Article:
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2009. kwgirl
Well time for me to go home to my dog. I will trust you all to keep an eye on Earl. See you tomorrow.
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2007. Asta
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2006. marmark
This is a good time to remind everyone that NHC average track forecast errors are 200 to 300 miles at days 4 and 5.
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Quoting MiamiHurricanes09:
I think it'll peak at 160mph before it undergoes an EWRC, should have another 24-36 hours before that happens.


Still thinking 145-150.. maybe 155.

As said, someone's got to say it won't make Cat 5.
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I'm already looking over here, south of the CV islands.
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Quoting CybrTeddy:
A stadium effect starting to take place, when is recon?

It already has that stadium affect :P. Anyways, Recon will be in there at 8pm EDT to 2am EDT.
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2002. Asta
A storm is a system, not a point.

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Quoting Asta:

You are mistaken.
LINK- NOAA KATRINA FORECASTS

"...ALTHOUGH THE GFS AND GFDL HAVE LED
AN OVERALL SHIFT TO THE WEST TOWARD SOUTHEAST LOUISIANA. THIS
SHIFT IS NOT UNANIMOUS...HOWEVER...AS THE UKMET HAS SHIFTED TO THE
EAST OF ITS PREVIOUS TRACK. THE NEW TRACK IS NUDGED JUST A LITTLE
TO THE WEST OF THE PREVIOUS TRACK...ALONG THE WEST EDGE OF THE MAIN
CLUSTER OF GUIDANCE FOR THE FIRS 24-36 HR AND DOWN THE MIDDLE OF
THAT CLUSTER THEREAFTER. THE TRACK CALLS FOR LANDFALL IN SOUTHEAST
LOUISIANA IN A LITTLE UNDER 48 HR."


Link


That was August 27...Katrina emerged off of FL on August 26 and the initial cone BARELY had LA in it. All this is visible in the graphics archive. http://www.nhc.noaa.gov/archive/2005/KATRINA_graphics.shtml
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Poll Time:
What chance do you think Earl has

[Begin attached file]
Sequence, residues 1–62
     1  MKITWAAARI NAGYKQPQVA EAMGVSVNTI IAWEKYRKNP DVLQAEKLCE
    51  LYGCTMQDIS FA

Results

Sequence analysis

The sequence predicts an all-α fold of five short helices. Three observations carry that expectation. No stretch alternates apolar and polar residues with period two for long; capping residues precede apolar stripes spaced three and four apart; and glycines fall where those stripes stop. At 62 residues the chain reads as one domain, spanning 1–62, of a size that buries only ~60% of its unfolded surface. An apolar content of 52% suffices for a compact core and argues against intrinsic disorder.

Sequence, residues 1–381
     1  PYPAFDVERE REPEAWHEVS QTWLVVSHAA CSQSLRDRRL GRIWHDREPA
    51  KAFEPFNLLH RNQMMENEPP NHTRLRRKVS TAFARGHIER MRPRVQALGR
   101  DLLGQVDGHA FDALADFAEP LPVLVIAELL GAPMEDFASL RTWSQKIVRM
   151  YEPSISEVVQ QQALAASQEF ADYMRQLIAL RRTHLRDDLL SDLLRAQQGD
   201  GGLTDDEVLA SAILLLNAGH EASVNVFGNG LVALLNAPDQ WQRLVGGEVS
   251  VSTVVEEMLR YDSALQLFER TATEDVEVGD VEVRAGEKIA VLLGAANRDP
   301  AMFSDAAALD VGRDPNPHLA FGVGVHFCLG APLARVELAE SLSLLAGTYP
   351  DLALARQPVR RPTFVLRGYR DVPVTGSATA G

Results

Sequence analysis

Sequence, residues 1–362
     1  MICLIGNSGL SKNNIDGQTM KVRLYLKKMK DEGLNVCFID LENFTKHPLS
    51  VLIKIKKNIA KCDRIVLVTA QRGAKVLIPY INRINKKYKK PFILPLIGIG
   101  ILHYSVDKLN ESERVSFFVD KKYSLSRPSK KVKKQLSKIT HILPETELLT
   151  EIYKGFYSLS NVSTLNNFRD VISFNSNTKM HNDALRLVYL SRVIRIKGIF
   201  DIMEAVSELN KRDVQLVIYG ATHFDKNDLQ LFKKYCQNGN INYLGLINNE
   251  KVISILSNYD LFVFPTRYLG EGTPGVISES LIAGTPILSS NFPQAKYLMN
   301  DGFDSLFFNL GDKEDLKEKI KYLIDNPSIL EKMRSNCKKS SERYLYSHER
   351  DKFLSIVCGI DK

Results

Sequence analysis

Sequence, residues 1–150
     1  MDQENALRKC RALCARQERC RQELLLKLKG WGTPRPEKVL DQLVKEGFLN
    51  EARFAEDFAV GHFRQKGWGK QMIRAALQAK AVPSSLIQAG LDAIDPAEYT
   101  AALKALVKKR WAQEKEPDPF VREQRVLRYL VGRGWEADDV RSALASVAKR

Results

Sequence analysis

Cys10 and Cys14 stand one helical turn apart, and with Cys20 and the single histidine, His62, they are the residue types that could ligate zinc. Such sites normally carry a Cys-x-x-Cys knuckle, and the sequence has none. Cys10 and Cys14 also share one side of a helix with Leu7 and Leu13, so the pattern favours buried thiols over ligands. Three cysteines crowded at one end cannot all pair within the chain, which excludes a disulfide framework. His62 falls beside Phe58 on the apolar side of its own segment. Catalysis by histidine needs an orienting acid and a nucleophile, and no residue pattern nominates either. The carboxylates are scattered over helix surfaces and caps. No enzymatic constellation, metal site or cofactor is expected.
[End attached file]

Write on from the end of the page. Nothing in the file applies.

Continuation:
of being a Cat5?

A: None

B: 20%

C: 50%

D: 80%

E: 100%
Member Since: Posts: Comments:
1999. Walnut
Quoting winter123:
WHy are they still issuing advisories on Danielle? It's completely extratropical, remnant low with no convection, completely absorbed in a front.


Shipping interests.
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I would imagine that NHC can come up with some new wording in the discussion regarding the track. It's really getting boring IMO
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1997. divdog
Quoting BobinTampa:
Ok westcasters, time to get to work on Fiona!

She hasn't turned north yet. She missed the weakness. Timing isn't right for that trof to affect her. If I was in Venezuala, I'd be watching Fiona very closely.
try posting something constructive instead of ranting so much
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1996. scott39
Fiona looks like something Earl scraped of of his shoe.
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Cat 5... you and I all know its coming....
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WHy are they still issuing advisories on Danielle? It's completely extratropical, remnant low with no convection, completely absorbed in a front.
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Quoting washingtonian115:
You probally have me o ignore but I hink it's a possibility that Earl becomes a cat 5.A lot of some of the well known forecaster think there ia a chance also.